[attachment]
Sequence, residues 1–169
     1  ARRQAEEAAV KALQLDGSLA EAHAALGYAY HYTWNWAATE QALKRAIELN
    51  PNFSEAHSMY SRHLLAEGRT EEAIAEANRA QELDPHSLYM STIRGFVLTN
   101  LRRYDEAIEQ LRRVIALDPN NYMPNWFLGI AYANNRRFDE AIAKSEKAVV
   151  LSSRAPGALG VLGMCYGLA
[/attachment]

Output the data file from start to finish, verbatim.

Sequence, residues 1–169
     1  ARRQAEEAAV KALQLDGSLA EAHAALGYAY HYTWNWAATE QALKRAIELN
    51  PNFSEAHSMY SRHLLAEGRT EEAIAEANRA QELDPHSLYM STIRGFVLTN
   101  LRRYDEAIEQ LRRVIALDPN NYMPNWFLGI AYANNRRFDE AIAKSEKAVV
   151  LSSRAPGALG VLGMCYGLA